So why did He even pray? He knew the Father’s will already. It was in the works before the foundation of the world, Peter tells us: “For He [Christ] was foreknown before the foundation of the world” (1 Peter 1:20a). The most logical explanation is that He wanted to talk to His Father, to be reassured, to give voice to His own desires. He could ask, and in the asking, be assured that His Father who loved Him would only do what was right and best and good.
So, going to the cross was what was right and best and good, even for Jesus? Even for Jesus. The writer of Hebrews told us that Jesus endured the cross, despising its shame–that is, showing utter contempt or disregard for the ignominy, disgrace, dishonor—for one reason: for the joy set before Him (Heb. 12:2).
Joy? Jesus looked beyond the cross to what awaits: sitting at the right hand of the Father; the redemption of those who believe in Him; eternal fellowship with His Church, His bride; His coming return as King at which time every knee will bow and every tongue confess that Jesus Christ is Lord. These things bring Him joy, all of which, I must point out, involve relationship.
Through the redemption purchased by the blood of Christ we now can be reconciled with God. We who believe will be at His great banquet. We’ll be in the crowd before His throne.
But we also have a relationship with Him right now. As so many before me have said, we have been saved, we are being saved, and we will be saved. In other words, the forgiveness Jesus bought for us isn’t simply a future thing. It took care of our sins, but it also brings us into new life, into fellowship with God here and now.
For our part, that means prayer. We have the privilege of talking with God and knowing that He hears and answers. But remember “answers” doesn’t mean we get what we want. It’s no different from a toddler who sees some shiny razor blades and reaches his hand out to pick them up. A loving parent will quickly stop him from hurting himself. The child may cry because he wants those new and interesting objects. The parent may talk to him, hold him, give him something age appropriate to play with instead, but he isn’t about to succumb to the child’s desire for those razor blades.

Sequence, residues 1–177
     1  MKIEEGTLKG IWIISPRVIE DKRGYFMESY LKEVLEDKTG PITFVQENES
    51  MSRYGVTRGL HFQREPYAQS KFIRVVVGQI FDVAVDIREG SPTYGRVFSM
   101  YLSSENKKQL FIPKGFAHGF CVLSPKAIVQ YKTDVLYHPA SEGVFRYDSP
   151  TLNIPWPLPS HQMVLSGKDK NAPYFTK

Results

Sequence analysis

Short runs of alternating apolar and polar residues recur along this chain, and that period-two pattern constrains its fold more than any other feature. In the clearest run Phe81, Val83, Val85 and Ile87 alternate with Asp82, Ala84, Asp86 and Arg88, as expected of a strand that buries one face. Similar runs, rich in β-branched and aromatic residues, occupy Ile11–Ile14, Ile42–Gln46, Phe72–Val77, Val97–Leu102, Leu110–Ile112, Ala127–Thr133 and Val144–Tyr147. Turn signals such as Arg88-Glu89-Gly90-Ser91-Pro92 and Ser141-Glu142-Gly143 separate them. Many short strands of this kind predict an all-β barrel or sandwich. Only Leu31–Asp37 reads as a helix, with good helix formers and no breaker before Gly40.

We, like that child, know what we want, but we don’t always know what we need.
In reality, in prayer we learn to trust God. We learn that we can pour out our hearts to Him but then rest in the assurance that He won’t give us razor blades.
So I’ve gone on and one and have yet to get to the key point—prayer matters. Amazingly, God wants to involve us in His work. He gave Adam the responsibility to care for creation, though clearly God could do the job all by Himself if He’d wanted to. And this was before sin came into the world.
One thing God has given us is prayer as a tool to come alongside others and bring their requests before our all wise and loving and good God. I can pray for Christians on the other side of the globe, brothers and sisters who I have never met, and know that I can intercede for them. I can pray for things that the Bible lets me know they need. I can pray for my pastor and my friends, for our President and for missionaries. I can pray for writers I know and others I don’t. I can pray for family, for teachers I know, for the woman I met on jury duty. There’s no limit. As God brings people to mind, I can pray for them, knowing that He hears and answers.
In the end, prayer matters most because it changes my relationship with God, but I can’t deny the fact that He uses prayer to accomplish His purposes here on earth.
All this, and I haven’t even talked about praising God in prayer. Suffice it to say, that’s a sure prayer. If someone wants to pray, then giving God recognition for His person and plan, His work and His word is a great place to start.